New research has warned that paint recycling needs to be made easier for consumers, and that not reusing paint poses environmental issues.
The Royal Society of Chemistry (RSC) has revealed that the UK’s paint stash totals over 50 million litres, with 73% of homeowners admitting to setting aside unused or partially used decorating paint.
This is concerning, the RSC says, because paint contains hidden chemicals called polymers in liquid formulations (PLFs), often made from fossil sources which are important ingredients needed to help paint stick, for example, when painting a wall. PLFs contain huge quantities of specialist ingredients created using non-renewable resources, yet around 98% of the UK’s waste paint is either burnt or sent to landfill.
Professor Tom Welton, President of the RSC, said: “All this paint contains huge quantities of valuable PLFs [and] it’s unsustainable to waste such a commodity. We’re risking environmental damage through not reusing and recycling, so we’re urging consumers to write to their MPs to help highlight this issue.
“We have found that most households have tins of paint languishing in cupboards, sheds and garages – and that while consumers want to be able to recycle, they face a postcode lottery, making it unnecessarily difficult to do the right thing.”
The Society has convened a task force which is calling on the government to introduce a national paint reuse and recycling strategy, such as the British Coating Federation’s PaintCare programme, to make it easier for consumers to recycle paint wherever they live.
Paint Recycling Isn’t Widely Done
The RSC research also revealed that 47% of UK households redecorated in the last year. And of the 73% storing unfinished tins of paint, 30% said they hadn’t recycled it because it seemed a waste to throw it away, while 73% said they were storing it in case it was needed for new projects such as painting a ceiling, or touch-ups or repainting.
Significantly, only a quarter (27%) of those surveyed said they had recycled paint they no longer needed. 67% said they didn’t know if their local recycling facility allowed them to recycle decorating paint, and 82% said they probably would use a recycling facility if they had confidence leftover paint could be recycled.
Celebrity decorator and TV presenter Linda Barker, who is backing the call for a national paint reuse and recycling strategy, said: “Decorating was a fabulous way for us to cope with lockdowns during the pandemic, but a direct result of that is we’ve been left with an awful lot of unused paint – and while there are some organisations who offer recycling, coverage across the UK is sporadic at best.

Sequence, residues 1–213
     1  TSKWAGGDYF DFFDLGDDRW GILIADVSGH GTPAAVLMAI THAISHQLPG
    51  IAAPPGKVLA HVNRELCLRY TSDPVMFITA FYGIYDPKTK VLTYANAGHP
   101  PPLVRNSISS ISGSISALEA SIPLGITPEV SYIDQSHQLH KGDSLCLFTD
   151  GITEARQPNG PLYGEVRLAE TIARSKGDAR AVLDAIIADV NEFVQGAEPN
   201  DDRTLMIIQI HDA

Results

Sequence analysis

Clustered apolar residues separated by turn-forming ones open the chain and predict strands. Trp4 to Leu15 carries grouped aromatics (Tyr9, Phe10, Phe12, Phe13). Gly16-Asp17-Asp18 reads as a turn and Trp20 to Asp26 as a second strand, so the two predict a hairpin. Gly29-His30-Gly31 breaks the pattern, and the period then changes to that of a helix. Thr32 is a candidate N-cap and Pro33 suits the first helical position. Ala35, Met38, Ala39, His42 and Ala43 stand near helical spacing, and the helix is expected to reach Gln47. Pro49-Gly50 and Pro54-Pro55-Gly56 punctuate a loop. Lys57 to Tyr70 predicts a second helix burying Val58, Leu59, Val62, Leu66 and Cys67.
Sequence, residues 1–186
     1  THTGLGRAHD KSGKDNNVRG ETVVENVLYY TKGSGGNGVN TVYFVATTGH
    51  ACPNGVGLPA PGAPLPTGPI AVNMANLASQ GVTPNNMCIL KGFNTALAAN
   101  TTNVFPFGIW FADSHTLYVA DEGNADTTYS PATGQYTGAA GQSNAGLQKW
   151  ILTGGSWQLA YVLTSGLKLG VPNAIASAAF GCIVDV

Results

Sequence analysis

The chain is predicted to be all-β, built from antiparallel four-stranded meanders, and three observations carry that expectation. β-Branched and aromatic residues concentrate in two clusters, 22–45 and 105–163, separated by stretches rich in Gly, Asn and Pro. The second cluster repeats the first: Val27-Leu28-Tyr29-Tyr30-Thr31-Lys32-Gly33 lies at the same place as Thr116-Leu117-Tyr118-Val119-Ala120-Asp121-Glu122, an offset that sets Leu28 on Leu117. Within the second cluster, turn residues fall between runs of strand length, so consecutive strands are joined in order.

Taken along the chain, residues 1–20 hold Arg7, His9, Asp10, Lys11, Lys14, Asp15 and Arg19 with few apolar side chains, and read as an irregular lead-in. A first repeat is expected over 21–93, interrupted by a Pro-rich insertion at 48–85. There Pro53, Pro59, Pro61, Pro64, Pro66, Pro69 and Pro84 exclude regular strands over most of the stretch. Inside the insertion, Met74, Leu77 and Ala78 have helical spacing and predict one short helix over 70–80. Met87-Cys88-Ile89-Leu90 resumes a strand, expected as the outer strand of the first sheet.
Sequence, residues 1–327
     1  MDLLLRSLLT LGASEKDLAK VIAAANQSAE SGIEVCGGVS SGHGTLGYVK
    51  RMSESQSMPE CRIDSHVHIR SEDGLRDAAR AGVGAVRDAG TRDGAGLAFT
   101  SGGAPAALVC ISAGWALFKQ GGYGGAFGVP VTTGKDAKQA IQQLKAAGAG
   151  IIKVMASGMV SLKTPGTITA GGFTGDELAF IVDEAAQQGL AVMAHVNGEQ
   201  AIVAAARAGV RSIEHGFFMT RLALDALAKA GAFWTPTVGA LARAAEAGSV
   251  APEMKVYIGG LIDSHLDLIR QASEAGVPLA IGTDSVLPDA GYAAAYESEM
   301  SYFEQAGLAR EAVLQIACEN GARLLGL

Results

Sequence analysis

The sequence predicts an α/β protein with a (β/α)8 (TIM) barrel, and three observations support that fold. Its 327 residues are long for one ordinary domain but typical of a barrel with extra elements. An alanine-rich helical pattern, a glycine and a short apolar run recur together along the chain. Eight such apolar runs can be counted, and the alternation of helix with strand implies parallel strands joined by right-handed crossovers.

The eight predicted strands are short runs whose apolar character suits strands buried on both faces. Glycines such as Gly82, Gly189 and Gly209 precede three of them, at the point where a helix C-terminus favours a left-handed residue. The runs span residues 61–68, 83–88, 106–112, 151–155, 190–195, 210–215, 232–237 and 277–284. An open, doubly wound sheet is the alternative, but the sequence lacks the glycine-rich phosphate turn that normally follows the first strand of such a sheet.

“We all have a responsibility to be more sustainable and there is already a huge trend for making more environmentally friendly choices when buying paint, so we know there is a willingness to do this. We urgently need more facilities and ways for people to be able to recycle and reuse unwanted paint so it doesn’t go bad sitting in a shed – or end up incinerated or in landfill.”
The Society’s findings were based on an online survey of 4,398 adults between 31 March - 6 April 2021, with calculations based on 27.8 million UK households.
How Can I Recycle Paint?
If you’ve bought too much paint and don’t think you’ll ever use it, there are several ways recommended by the RSC for reusing or recycling it. These include:
- Check to see if your local waste recycling centre accepts liquid paint - through Recycle Now, for example
- Check your local council website for advice and see if they provide a collection service
- Use local community collection schemes such as Community RePaint and offer your leftover paint for community projects.
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Jack has worked in journalism for 11 years and is the News Editor for Homebuilding & Renovating, a role he has had since 2019. He strives to break the most relevant and beneficial stories for self builders, extenders and renovators, including the latest news on the construction materials shortage and hydrogen heating. In 2021 he appeared on BBC's The World at One to discuss the government's planning reforms.
He enjoys testing new tools and gadgets, and having bought his first home in 2013, he has renovated every room and recently finished a garden renovation.